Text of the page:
Money Insider: Peer-to-peer lending gathers pace as faith in banks falters

 

Many people doubted whether peer-to-peer lending would ever really gain a foothold in the UK; however, the sector appears to be going from strength to strength and is increasingly accepted as a credible alternative to the banks.

This new breed of finance is still in its infancy with Zopa, the UK's first peer-to-peer lender, still less than eight years old.

A lack of confidence in the UK banking sector since the credit crisis combined with high borrowing rates and low savings returns has seen the peer-to-peer market flourish, with new providers entering the industry in the last couple of years.

Zopa remains by far the biggest player, and to date has arranged more than £200m in loans, including a monthly record of 1,621 loans totalling £8m in July alone – up by 72 per cent on the same period last year.

A more recent player on the peer-to-peer scene, and acting as the middleman for individual savers and borrowers, is Ratesetter. Launched in October 2010, to date it has already lent more than £30m. This year has seen a major increase in demand for loans with applications for funds currently running at about £1m a day and business levels up 45 per cent on 2011.

Along with Zopa and Funding Circle, Ratesetter formed the Peer2Peer Finance Association, a UK trade body set up to ensure that the sector maintains high minimum standards of protection for consumers and small business customers.

The peer-to-peer market is not solely aimed at personal customers, and with banks tightening credit policy and reportedly increasingly reluctant to lend to small and medium enterprises (SMEs), we've seen the emergence of a new type of business lender, such as Funding Circle and Crowdcube.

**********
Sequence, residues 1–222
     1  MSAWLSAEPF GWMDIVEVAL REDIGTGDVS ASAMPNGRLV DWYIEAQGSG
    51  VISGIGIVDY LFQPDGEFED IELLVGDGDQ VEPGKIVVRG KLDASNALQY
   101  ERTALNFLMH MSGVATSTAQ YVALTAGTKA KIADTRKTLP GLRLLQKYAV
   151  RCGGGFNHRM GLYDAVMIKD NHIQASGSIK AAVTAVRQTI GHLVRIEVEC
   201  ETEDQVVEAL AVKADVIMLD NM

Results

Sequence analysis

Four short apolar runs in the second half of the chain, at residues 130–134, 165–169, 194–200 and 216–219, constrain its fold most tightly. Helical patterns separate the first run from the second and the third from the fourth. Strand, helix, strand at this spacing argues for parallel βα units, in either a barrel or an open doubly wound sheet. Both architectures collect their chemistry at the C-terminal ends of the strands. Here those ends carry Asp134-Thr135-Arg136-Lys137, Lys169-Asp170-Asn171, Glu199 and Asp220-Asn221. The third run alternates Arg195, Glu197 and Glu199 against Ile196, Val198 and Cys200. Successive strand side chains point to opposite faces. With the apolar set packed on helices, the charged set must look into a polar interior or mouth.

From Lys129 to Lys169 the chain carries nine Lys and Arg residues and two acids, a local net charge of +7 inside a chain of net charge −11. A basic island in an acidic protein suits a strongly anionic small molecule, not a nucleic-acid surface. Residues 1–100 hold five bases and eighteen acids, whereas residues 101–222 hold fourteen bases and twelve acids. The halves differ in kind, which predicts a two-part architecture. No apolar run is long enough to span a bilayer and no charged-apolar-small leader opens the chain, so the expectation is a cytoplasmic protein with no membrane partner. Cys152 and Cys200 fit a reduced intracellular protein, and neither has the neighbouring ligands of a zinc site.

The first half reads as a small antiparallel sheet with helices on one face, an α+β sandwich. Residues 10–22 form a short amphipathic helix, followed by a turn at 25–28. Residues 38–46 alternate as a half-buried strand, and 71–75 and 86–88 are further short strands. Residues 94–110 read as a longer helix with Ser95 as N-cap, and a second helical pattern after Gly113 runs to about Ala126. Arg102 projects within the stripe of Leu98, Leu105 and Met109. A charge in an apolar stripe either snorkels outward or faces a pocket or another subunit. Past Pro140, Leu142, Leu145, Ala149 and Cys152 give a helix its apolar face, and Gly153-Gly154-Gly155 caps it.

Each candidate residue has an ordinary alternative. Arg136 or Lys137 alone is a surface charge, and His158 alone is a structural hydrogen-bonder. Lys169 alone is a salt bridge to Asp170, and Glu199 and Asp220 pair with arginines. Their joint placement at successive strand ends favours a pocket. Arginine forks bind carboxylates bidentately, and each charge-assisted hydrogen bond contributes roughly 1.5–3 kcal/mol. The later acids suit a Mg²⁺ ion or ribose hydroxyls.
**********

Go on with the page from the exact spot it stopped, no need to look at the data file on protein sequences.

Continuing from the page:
Funding Circle has lent more than £49.3m to businesses since it launched in 2010, with the average loan at around £39,000. The company pools the savings of investors, who have averaged returns in excess of 8.3 per cent, while the current bad debt is just 0.3 per cent.

Consumers shouldn't see this alternative banking concept as a soft touch, as strict credit-scoring criteria is absolutely vital to ensure defaults are kept to a minimum to give people confidence to continue to deposit their savings with peer-to-peer companies.

Ratesetter, for example, recently stated that only 10 to 15 per cent of loan applications are approved, so if you don't have an excellent credit profile you're going to have to seek your finance elsewhere.

One of the main concerns for people depositing their cash with peer-to-peer providers is that although the returns far outweigh those paid by the banks, they don't offer the cast-iron guarantee to savers that bank customers enjoy under the Financial Services Compensation Scheme.

There is still an element of risk, albeit small, that you don't have with a bank or building society. As long as you are comfortable with this, the lower overheads of not having to run a nationwide network of branches, means you can obtain better returns on your cash in the peer-to-peer market.

Providers have their own methods of trying to mitigate the risk to depositors. Zopa for example, will spread your money among a wide range of borrowers, while Ratesetter adopts a different approach by operating a "provision fund" which is built up from borrower fees, and reimburses lenders in the case of late payment or default.

Co-op's tough call on bankrupts

This week, the Co-operative Bank announced that it will no longer allow undischarged bankrupts to open a basic account.

Until Monday, the Co-op, along with Barclays, was one of only two banks which gave bankrupts access to basic facilities.

However, with the rest of the industry failing to play a part in this unprofitable market segment and no response from the Treasury Select Committee to requests for a review of the situation, the Co-op felt it had no alternative but to pull out of the market.

With some 55,000 new, undischarged bankrupts every year, the Government needs to ensure that all existing and new banks play a full and active part in the basic banking market.

Let's hope this shot across the bows on the part of the Co-op will be the catalyst to get key players round the table.